Qantas Airbus A380 landing at LAX.

Qantas Airbus A380 landing at LAX.

Getting on a plane with-in the US that offers in-flight internet is not that rare anymore. Many airlines have their entire fleet outfitted and others are still in process. For some, having access to the internet for a flight that might only last a few hours is not a huge perk — yet, there is surely more demand for flights that are longer. Since most US-based in-flight internet makes use of cell towers on the ground, the service is not available for international flights. Satellite based systems are heavier, cost more and take longer to install. Because of this, we have not yet seen a many airlines that offer Wi-Fi on longer, international flights.

Even though there have been quite a few airlines that have announced their intent to provide satellite internet service, many have not followed through for one reason or another. One airline that is moving forward with long-haul internet is Qantas.

Qantas Airlines decided to use OnAir as their service provider and they currently have six of their Airbus A380 aircraft flying between Australia and the US configured to offer Wi-Fi on an eight week trial.

’œThe eight-week trial will give customers the opportunity to access the Internet in exactly the same way as a terrestrial Wi-Fi hotspot in which customers can pay with their credit card and surf the Internet, including the use of email,’ Qantas Executive Manager Customer Experience, Alison Webster, said.

Since this is a trial run, only passengers in premium cabins (first and business) will have the opportunity to try out the OnAir Wi-Fi. After the two months is up, Qantas, “will assess opportunities for the long-term application of Internet capabilities across its A380 fleet.”

Australian Business Traveler (AusBT) was able to get a first hand account on how the new Wi-Fi service works. They tell the story of Andrew Hazelton, who flew on February 29th and was given 35MB of bandwidth to use during his flight.  That is not much, especially for a long flight and Hazelton told AusBT that he used all of his bandwidth quickly and he was not super impressed by the slow speed of the service. Of course, this is just a trial period and it is hoped that speeds will improve with time.

During the trial, the internet is free for first class and business class passengers and Qantas and OnAir are in process of figuring out how much they might want to charge for the service, if the trials are successful.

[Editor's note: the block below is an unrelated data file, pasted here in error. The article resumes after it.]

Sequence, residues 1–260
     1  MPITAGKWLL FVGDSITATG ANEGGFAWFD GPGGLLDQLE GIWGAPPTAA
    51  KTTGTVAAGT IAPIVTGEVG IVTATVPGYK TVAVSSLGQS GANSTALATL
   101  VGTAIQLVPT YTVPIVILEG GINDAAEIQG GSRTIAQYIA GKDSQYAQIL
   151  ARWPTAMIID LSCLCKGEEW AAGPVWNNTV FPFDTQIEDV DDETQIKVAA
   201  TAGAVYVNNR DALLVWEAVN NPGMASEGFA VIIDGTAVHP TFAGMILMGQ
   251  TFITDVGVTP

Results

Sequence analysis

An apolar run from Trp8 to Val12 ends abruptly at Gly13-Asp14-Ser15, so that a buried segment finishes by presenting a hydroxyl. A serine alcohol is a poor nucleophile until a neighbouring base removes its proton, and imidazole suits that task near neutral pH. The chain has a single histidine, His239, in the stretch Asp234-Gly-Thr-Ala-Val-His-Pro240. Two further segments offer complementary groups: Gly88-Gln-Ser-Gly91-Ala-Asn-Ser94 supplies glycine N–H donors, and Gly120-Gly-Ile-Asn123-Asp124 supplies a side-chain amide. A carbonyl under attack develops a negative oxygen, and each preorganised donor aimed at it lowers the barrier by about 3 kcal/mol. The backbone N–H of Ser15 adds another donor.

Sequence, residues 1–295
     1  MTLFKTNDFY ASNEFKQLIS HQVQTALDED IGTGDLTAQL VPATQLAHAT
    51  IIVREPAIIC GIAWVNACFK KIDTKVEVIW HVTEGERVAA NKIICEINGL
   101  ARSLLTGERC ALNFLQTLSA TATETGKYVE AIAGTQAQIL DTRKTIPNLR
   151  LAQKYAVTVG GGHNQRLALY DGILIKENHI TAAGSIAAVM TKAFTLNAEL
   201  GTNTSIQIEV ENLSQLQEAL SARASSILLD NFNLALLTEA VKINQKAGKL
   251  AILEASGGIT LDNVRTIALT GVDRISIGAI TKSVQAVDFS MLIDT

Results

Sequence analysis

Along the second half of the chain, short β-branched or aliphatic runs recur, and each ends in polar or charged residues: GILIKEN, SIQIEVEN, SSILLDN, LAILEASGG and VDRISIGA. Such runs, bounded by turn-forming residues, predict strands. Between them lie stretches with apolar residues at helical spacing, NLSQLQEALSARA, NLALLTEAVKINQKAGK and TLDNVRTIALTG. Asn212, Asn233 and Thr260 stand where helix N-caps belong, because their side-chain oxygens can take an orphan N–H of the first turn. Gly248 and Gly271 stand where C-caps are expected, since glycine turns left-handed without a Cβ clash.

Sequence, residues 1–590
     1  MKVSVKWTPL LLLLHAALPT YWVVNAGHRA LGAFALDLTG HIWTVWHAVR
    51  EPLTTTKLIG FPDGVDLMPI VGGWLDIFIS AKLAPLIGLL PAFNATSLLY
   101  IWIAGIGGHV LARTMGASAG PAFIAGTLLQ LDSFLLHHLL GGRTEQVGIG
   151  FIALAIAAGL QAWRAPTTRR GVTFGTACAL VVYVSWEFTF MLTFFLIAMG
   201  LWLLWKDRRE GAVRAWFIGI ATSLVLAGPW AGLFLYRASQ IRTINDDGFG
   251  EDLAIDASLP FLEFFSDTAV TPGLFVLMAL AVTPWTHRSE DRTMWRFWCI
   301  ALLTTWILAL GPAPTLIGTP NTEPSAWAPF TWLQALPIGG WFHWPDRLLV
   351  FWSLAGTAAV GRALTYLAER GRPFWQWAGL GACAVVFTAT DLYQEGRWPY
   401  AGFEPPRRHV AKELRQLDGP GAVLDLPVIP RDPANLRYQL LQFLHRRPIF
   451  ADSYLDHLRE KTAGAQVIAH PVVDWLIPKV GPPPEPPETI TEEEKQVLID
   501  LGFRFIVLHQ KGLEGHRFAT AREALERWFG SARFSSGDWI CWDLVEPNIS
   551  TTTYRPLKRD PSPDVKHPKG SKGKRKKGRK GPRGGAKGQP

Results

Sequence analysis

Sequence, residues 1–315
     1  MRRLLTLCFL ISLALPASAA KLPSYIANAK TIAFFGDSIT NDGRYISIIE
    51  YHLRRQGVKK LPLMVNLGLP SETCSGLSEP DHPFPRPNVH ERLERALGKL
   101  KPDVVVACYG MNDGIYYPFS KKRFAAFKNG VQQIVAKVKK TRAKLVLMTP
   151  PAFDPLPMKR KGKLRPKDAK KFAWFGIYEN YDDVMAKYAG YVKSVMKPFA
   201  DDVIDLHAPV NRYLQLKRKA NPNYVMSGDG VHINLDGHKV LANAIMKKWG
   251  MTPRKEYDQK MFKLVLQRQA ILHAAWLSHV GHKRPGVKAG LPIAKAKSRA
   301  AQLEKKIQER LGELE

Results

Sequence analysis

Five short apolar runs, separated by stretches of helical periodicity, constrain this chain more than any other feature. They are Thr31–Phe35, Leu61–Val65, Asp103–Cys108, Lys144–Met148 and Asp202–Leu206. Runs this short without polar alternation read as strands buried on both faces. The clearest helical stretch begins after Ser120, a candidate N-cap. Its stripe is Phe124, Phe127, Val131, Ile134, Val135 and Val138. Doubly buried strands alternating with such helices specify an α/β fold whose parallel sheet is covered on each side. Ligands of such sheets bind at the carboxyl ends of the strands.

Besides testing satellite internet, Qantas is also working with aircraft based entertainment, accessed through Wi-Fi. The new service, called Q Streaming, allows customer to wirelessly connect to computers on the aircraft to access an array of in-flight entertainment options.

See a video played on the Q Streaming aircraft to let passengers know they are on a special aircraft

Passengers have high expectations and I feel that in the next year or so we will see more airlines adding the ability to access Wi-Fi on international flights. It might not be the best quality of service, but with additional development, we will all see quicker and cheaper options.

Image: Jeremy Dwyer-Lindgren

EDITOR-IN-CHIEF & FOUNDER - SEATTLE, WA. David has written, consulted, and presented on multiple topics relating to airlines and travel since 2008. He has been quoted and written for a number of news organizations, including BBC, CNN, NBC News, Bloomberg, and others. He is passionate about sharing the complexities, the benefits, and the fun stuff of the airline business. Email me:
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And those of us in cattle-class, with our knees jammed around our ears, and no parts of our bodies intruding on the aisles, lest we get run over by a food or duty-free cart, don’t get this new product.

So much for the 99%

I am sure this is just for testing purposes. It doesn’t sound like there is a heck of a lot of bandwidth, so it makes sense to restrict who might be able to use it right now.

I am sure if it is decided to move forward, everyone will have access.


You’re right, this is Qantas, not AA. 🙂

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